As for the "argument from design" you allude to (in the analogy of God to the artist who creates a painting), I am afraid that natural theology (or "general revelation") is no more successful in demonstrating God's existence by the evidence of his works than it is at demonstrating the creation of the world from nothingness. This argument was so thoroughly demolished by Hume (in his Dialogues Concerning Natural Religion) that Kant was driven almost to despair....

AemJeff
07-17-2010, 08:56 PM
Jeff: I don't want to belabor this point because I have others to make--later. But "supernatural" is a pretty definable term. It means: beyond nature. The Abrahamaic faiths start from the proposition that there is a Creator who made the universe that we perceive--and, of course, those things in the universe that remain beyond our perception due to our intellectual, technological, physical, and/or moral limitations.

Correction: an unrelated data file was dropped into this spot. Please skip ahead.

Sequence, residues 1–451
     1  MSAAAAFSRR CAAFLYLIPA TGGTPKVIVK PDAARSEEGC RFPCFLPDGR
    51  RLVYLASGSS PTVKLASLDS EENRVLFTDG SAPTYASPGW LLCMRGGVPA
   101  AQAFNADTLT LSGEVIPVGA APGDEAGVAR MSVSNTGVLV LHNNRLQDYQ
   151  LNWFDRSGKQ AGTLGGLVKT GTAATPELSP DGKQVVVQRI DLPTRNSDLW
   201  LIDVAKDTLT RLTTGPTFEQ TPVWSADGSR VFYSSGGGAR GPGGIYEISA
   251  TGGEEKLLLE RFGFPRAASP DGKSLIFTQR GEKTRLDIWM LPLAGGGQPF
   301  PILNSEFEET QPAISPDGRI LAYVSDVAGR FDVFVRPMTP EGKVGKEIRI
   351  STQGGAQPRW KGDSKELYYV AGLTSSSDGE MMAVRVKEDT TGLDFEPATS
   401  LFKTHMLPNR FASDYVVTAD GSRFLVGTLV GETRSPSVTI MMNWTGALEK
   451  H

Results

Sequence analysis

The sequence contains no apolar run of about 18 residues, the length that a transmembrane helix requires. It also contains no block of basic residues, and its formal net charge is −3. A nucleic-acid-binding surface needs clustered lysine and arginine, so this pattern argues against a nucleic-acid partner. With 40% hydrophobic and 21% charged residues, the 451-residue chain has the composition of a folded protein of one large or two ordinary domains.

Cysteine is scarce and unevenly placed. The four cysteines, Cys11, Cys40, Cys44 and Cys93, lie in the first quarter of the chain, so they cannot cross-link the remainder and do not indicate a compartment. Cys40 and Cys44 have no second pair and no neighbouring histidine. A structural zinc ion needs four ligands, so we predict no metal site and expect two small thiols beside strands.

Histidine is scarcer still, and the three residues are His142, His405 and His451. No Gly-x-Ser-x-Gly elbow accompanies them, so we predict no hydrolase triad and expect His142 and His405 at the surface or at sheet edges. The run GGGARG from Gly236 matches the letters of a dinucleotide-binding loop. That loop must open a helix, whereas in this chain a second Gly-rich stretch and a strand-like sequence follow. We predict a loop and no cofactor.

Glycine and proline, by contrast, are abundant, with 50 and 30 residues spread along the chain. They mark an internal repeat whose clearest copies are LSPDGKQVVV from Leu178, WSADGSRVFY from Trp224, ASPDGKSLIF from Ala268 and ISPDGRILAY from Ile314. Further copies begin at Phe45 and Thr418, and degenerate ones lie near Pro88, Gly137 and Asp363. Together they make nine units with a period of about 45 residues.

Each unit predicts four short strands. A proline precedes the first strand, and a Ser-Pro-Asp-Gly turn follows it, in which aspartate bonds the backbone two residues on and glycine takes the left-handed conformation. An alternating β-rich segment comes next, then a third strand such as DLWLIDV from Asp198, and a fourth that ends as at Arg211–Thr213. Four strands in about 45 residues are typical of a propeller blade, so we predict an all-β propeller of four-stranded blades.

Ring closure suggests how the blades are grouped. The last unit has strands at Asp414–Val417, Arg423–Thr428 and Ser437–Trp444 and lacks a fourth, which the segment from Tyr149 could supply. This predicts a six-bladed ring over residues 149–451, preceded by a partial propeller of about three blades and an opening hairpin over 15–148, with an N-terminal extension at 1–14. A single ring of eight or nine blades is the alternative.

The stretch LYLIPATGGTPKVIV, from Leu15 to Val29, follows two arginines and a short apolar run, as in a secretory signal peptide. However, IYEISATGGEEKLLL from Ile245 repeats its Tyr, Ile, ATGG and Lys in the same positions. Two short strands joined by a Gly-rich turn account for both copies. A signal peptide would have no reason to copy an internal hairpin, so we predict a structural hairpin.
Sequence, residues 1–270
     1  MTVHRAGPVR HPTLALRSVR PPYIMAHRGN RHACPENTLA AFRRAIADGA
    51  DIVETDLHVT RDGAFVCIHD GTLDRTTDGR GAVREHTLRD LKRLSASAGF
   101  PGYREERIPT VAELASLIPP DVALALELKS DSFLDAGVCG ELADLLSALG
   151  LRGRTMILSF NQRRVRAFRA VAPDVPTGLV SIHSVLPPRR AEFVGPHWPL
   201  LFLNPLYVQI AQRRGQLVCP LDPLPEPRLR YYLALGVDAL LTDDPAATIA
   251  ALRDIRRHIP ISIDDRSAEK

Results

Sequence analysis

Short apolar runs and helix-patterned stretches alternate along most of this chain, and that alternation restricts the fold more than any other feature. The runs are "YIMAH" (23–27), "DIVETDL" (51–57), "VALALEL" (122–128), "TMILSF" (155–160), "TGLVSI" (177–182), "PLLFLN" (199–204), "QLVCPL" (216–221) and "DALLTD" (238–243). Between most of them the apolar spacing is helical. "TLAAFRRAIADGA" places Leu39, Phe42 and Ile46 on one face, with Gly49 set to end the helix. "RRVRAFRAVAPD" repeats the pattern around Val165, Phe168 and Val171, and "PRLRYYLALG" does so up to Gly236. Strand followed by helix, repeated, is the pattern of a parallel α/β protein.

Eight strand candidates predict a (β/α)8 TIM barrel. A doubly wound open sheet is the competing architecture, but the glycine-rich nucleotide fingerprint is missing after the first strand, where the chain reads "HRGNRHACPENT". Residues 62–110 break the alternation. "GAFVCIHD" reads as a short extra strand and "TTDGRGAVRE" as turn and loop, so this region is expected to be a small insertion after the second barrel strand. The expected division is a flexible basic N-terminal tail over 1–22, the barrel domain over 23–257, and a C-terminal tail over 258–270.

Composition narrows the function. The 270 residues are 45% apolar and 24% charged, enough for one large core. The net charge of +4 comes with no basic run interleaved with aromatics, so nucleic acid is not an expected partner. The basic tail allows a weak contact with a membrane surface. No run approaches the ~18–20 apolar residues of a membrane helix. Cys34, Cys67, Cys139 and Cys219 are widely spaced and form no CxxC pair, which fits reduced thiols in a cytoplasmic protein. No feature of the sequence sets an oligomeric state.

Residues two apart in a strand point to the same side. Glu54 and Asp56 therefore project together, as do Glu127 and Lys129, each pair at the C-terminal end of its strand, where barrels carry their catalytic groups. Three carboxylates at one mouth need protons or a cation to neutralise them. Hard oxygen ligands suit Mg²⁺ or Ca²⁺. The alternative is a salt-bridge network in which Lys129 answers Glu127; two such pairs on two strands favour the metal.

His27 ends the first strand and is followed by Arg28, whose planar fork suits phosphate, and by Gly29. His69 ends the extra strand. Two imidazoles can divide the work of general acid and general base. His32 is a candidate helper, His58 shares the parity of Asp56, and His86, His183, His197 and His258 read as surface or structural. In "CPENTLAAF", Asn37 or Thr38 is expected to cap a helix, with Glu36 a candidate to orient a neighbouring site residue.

This Person (and again, I'm speaking of the Theos familiar in the West) created nature like an artist creates a painting. He isn't part of the painting Himself; it is His workmanship. God, as He is understood in the Abrahamaic faiths, is thus separate from nature, and beyond it in the sense that without Him it would not exist, just as the painting wouldn't exist without the painter. Further, Christianity (and I assume Judaism and Islam as well) teach that God created the universe from nothing ex-nihilo for you Latin fans. He and only He is the self-existent, eternal Fact.

Now, you may not agree with that proposition. You may say there is "no evidence" to support belief in such a Being. And you could be right. Nature may, in fact, be All There Is.

But at the risk of beating a dead horse, I'll repeat: Any attempt to find such a Being, if He exists, solely by empirical methods is bound to be futile. But neither is that proof that He isn't there. So we reach a stalemate.